As life-threatening food allergies, celiac disease, and gluten sensitivities, become more common, restaurants are beginning to cater to diners with special needs. Chefs are being educated on allergy awareness, and you’ll find gluten-free options marked clearly on many menus. Servers no longer balk at special dietary requests, and it’s easier than ever to avoid ingredients that will make you sick. But some people are taking advantage of the new allergy-aware dining culture, and claiming they have allergies when there is only disdain. You’ve got a broccoli allergy, you say? Nice try.
If you absolutely despise the taste of a certain food, you might think the easiest way to avoid an encounter is to simply tell your server that you’re allergic. You surmise that your server will handle a request that involves a life-threatening allergy with more care than a basic desire for not eating a certain food.
But the fact is, you won’t drop dead from a severe allergic reaction if you eat something you just don’t like. But if you tell your server that you will, then the kitchen must act like that’s the case. When a chef sees the word “allergies,” he or she must treat it as life-threatening.
And here’s what happens in many restaurants as a result:
Your order reaches the kitchen, flagged by the server as a severe food allergy in red block letters. The kitchen stops, and an intense process begins to ensure that no speck of say, that dreaded broccoli gets anywhere near your plate. Often, a manager is called in to supervise the procedures. Cooks put on new gloves and aprons, and consult a detailed list of the ingredients in the dish you ordered to make sure that broccoli isn’t hiding out somewhere. Utensils, cutting boards, pots and pans are sent through the sanitizer, or unused ones are brought out to prepare your meal. Your plate is handled with disposable wipes.
If you’ve ever worked in a restaurant kitchen or peeked inside of one, then you know the quick-moving energy that pervades the space – and is necessary to keep diners served and happy.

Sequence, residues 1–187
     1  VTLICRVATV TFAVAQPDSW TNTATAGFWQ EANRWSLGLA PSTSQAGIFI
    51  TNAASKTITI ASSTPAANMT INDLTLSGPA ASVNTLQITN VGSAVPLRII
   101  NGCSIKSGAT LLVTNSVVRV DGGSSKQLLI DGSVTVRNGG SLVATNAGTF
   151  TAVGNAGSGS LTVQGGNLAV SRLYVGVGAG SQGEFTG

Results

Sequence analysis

For those with true food allergies, no process is too much to ensure that the diner does not get sick, or worse. But some chefs are seeing food allergy requests on a huge number of tickets – as many as 10 to 60 percent in some restaurants.
By all means, if you have food allergies – say so. And of course, if you have special dietary preferences or needs, please discuss them with your server. Tell him you are sensitive to gluten, hate broccoli with a passion, or will gag if you see garlic. But stop calling your food preferences “allergies” if they’re not.
Fibbing about a fake life-threatening condition is not a little white lie, and it puts people at risk who really do have severe food allergies. If 60 percent of a restaurant’s diners are saying they have food allergies, it increases the chances that the kitchen might lose vigilance or slip up. And it’s causing push-back for handling food allergy requests in the restaurant industry. This could have disastrous consequences for the next diner with real food allergies. Like fake foods, fake allergies have no place in your life.
Read more about the subject here.
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